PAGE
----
Meknes City and Meknes-Tafilalet Regions Tourism Attractions
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The Versailles of Morocco
Although the new capital of Meknes was meant to rival Versailles in its splendor, and was laid out by French city planners, it was also meant to showcase the art and architecture of Morocco—and in the process displays much of the personality of its founder.
One of the architectural wonders of Meknes are the 15 meter-high fortress walls that he built for 45 km around his new city. Although much of the length of these walls was destroyed in an earthquake in 1755 (the same earthquake that destroyed Lisbon), those that remain continue to be a star tourist attraction to those interested in massive military architecture.
Today, Meknes is a thriving city of over a million people surrounding the "Versailles of Morocco." Besides being an Imperial City and major tourist destination Meknes is both a major agricultural center for the region, and a major crafts center.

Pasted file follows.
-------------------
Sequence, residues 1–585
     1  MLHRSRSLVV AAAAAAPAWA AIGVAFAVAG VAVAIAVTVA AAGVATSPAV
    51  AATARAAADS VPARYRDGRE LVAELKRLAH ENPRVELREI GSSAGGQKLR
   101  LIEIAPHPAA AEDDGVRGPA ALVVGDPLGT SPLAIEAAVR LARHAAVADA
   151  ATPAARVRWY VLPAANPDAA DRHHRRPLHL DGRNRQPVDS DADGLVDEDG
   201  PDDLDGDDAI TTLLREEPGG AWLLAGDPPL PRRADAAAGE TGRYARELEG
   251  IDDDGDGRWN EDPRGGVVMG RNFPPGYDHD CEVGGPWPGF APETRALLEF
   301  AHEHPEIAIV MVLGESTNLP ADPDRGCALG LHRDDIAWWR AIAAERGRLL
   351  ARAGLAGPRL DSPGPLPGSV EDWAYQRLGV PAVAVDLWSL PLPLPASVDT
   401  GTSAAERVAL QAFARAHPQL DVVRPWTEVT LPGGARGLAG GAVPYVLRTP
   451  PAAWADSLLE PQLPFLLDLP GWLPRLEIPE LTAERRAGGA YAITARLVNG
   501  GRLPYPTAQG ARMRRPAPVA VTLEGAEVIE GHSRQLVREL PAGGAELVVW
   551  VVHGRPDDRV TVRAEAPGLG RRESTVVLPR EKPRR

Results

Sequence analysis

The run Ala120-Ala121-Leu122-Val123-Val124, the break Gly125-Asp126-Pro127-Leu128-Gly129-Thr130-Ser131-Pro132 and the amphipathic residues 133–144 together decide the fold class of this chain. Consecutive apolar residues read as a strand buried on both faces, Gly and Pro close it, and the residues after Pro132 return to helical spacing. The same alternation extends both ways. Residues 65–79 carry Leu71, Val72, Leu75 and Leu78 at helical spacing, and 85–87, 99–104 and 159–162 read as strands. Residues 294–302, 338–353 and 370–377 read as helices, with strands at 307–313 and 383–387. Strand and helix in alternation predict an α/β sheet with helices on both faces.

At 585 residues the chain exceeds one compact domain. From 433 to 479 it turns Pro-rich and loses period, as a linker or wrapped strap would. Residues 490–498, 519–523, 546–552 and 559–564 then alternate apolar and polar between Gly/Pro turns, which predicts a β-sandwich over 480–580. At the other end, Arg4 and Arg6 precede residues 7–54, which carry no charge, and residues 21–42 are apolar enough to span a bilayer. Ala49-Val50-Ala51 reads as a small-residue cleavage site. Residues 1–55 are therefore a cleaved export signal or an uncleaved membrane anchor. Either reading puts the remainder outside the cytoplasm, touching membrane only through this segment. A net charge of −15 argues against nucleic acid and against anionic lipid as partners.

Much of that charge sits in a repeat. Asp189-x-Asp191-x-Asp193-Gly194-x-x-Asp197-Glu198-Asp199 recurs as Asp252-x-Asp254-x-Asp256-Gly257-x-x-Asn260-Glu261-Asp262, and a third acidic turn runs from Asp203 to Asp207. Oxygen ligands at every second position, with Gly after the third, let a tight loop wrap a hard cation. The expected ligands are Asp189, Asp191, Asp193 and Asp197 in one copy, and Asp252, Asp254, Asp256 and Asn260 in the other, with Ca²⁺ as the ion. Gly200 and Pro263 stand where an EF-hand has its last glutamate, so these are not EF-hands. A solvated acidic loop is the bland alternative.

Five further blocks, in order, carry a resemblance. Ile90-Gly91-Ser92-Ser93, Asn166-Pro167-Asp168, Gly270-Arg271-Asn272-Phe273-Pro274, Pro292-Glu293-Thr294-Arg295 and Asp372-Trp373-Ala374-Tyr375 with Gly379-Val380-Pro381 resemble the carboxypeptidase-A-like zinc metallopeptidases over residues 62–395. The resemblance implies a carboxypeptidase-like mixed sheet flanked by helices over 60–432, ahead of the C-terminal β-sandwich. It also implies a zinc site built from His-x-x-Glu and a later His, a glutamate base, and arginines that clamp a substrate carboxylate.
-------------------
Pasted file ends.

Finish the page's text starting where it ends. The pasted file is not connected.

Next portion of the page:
The story behind the walls is also of interest for the rest of the city design.
Moulay Ismail ruled by fear, and he himself constantly feared uprising or attack.In his paranoia that his Berber subjects would rise up and attack him, Moulay Ismail not only fortified the city, but also stocked with supplies sufficient to withstand 20 years of siege.
Thus two of the most impressive sites are the gigantic walls and tiny windows of the Heri as Souani or Royal Granaries designed to keep years of grain fresh, and the Royal Stables built to house 12,000 horses for his cavalry.